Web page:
Cairos Architecture has converted the attic of an old Parisian apartment into children's bedrooms, making the property more suitable for use as a family home (+ slideshow).
Situated close to Porte de Vincennes in Paris' 12th arrondissement, the fifth-floor property originally featured a long and narrow plan with few windows. Paris-based Cairos Architecture were tasked with creating more space for the clients and their two young children.
"The renovation was more about using the existing qualities of the space," architect Hélène Reinhard told Dezeen. "We tried to turn the default dimensions, including the shape of the roof, into an interesting point."
"But it was also inspired by spaces created by architects that the clients very much liked, including Luis Barragan and Alvar Aalto," she added.
Part of the original attic floor was demolished and rebuilt to create side-by-side bedrooms for the children. Both of these rooms open out onto a new mezzanine that is accessible from the living room via a white staircase.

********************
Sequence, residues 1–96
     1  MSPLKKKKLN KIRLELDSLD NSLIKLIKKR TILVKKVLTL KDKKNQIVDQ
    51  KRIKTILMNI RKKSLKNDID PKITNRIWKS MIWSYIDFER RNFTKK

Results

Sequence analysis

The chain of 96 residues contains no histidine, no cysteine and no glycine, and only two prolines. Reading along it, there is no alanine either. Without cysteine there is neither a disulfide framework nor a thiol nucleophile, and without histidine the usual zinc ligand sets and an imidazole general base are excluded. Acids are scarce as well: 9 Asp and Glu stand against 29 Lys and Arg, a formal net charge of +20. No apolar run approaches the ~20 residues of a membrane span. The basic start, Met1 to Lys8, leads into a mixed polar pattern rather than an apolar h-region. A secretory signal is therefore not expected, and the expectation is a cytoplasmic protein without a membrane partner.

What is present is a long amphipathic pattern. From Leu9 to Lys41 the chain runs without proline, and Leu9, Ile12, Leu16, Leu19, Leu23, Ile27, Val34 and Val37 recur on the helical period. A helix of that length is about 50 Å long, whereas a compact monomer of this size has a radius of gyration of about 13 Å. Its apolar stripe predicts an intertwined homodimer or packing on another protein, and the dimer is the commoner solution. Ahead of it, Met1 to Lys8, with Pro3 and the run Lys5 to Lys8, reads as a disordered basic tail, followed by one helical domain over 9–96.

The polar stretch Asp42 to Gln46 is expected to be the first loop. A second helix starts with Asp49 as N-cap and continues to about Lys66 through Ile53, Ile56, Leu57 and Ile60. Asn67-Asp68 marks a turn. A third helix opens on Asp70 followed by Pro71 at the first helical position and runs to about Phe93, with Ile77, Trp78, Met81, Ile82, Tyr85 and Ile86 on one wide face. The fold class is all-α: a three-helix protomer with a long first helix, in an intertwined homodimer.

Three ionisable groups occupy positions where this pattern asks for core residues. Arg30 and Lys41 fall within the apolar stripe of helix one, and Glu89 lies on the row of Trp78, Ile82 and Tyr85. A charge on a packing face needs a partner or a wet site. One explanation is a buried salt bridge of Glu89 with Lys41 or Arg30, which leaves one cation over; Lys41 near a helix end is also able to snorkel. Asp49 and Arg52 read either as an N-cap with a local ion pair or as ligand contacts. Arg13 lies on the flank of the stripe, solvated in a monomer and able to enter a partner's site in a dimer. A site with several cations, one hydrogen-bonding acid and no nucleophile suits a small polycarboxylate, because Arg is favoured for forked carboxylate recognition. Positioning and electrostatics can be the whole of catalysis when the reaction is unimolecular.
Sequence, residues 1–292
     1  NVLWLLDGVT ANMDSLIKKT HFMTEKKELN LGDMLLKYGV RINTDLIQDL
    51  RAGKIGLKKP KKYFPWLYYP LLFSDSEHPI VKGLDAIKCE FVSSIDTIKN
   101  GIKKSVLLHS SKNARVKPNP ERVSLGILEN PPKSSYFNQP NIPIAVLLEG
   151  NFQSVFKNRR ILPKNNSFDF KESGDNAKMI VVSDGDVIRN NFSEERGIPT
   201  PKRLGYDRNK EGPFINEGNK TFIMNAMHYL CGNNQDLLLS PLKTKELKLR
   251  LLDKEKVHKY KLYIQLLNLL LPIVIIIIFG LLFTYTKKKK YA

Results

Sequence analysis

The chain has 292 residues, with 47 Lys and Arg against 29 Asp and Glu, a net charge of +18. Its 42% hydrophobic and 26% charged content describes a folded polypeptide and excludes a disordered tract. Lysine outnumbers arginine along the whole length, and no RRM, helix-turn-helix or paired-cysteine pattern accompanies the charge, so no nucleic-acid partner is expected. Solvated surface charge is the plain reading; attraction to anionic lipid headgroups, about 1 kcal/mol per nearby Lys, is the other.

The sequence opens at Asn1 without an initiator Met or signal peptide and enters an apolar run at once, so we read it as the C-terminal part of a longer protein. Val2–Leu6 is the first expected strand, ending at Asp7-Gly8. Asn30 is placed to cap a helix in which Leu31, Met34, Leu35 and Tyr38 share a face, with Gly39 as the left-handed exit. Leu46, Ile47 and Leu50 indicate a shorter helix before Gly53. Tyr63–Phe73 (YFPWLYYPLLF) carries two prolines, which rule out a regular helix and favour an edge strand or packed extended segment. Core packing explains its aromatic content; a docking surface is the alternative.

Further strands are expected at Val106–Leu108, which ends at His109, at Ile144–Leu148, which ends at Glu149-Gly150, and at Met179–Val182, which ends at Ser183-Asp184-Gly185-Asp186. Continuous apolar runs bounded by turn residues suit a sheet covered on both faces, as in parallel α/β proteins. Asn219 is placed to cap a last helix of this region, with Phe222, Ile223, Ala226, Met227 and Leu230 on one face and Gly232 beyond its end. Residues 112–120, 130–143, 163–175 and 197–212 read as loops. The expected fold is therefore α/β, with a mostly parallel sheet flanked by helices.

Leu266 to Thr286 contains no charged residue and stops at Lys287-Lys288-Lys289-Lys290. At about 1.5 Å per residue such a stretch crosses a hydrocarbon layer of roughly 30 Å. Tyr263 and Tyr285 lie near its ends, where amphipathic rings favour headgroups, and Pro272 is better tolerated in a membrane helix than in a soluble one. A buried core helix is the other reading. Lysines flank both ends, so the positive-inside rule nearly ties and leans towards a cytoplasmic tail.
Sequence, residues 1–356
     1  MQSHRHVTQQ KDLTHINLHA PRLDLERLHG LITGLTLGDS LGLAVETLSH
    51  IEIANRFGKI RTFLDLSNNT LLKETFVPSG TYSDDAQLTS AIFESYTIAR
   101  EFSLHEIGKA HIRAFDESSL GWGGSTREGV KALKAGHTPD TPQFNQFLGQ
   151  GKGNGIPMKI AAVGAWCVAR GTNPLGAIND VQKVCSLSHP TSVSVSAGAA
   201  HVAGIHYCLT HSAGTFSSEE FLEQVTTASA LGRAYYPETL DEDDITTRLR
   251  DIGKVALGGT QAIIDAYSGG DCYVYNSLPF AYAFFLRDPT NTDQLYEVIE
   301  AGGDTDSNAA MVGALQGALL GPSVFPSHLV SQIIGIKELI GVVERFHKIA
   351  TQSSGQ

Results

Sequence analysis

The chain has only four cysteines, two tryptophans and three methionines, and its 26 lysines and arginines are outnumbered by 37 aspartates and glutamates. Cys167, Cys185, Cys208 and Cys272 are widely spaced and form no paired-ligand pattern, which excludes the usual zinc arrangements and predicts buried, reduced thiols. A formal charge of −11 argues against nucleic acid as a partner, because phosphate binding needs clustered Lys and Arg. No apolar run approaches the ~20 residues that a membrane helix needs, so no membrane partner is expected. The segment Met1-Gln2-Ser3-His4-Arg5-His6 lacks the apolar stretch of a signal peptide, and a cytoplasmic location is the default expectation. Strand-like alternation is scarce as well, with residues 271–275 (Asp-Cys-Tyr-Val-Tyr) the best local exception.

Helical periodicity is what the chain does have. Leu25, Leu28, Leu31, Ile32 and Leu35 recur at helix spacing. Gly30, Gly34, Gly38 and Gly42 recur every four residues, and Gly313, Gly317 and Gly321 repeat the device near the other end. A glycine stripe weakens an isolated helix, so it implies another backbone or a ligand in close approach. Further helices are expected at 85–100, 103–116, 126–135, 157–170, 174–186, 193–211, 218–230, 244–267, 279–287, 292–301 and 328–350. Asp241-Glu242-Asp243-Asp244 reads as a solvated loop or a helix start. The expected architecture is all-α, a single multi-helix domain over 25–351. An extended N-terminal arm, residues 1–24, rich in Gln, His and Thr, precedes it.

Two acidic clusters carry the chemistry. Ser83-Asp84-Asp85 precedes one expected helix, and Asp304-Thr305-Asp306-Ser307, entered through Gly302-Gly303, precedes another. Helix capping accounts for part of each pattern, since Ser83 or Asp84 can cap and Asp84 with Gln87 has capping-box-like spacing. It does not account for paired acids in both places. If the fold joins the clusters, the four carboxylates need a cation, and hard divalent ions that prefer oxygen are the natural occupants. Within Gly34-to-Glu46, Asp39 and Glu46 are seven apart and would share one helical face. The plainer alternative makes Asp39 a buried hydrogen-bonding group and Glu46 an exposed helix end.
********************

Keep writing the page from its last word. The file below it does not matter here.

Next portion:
The master bedroom is located on the ground floor, and features a brightly tiled en-suite bathroom.
A wall once separating the kitchen from rest of the ground floor was removed to create a more open-plan living space. The floor in the kitchen area was then raised, to create a visual boundary between different areas.
While raw and simple materials were used throughout the majority of the apartment, the kitchen floor was covered with patterned concrete tiles.
"I wanted a different floor in the kitchen than the rest of the apartment," said Reinhard. "I thought it would be nice to have something coloured and the clients chose the specific design."
Other recent examples of mezzanines added inside residential properties include Sadie Snelson Architects' cantilevering addition to a former London warehouse and SABO Project's raised platform inside a fashion designer's Paris home.
Photography is by Clément Guillaume.